Thursday, March 12, 2015

Opening paragraphs (and remarkable sentences)...

      Having had occasion, lately, in the course of some Oriental investigations, to consult the "Tellmenow Isitsoornot," a work which (like the "Zohar" of Simeon Jochaides) is scarcely known at all, even in Europe;  and which has never been quoted, to my knowledge, by any American - if we except, perhaps, the author of the "Curiosities of American Literature", - having had occasion, I say, to turn over some pages of the first-mentioned very remarkable work, I was a little astonished to discover that the literary world has hitherto been strangely in error respecting the fate of the vizier's daughter, Scheherazade, as that fate is depicted in the "Arabian Nights"; and that the denouement there given, if not altogether inaccurate, as far as it goes, is at least to blame for not having gone very much farther.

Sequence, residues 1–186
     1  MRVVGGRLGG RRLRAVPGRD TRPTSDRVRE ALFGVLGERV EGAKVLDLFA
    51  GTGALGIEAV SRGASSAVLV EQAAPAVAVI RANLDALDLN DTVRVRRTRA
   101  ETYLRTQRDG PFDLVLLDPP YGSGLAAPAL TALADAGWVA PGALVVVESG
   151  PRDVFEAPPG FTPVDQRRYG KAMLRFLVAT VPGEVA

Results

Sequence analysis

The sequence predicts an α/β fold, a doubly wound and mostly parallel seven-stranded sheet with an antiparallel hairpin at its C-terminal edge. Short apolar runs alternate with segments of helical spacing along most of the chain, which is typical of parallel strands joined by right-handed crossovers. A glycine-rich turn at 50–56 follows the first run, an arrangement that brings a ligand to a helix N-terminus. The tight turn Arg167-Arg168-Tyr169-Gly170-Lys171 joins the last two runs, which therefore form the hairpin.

-Edgar Allen Poe, The Thousand-And-Second Tale of Scheherazade

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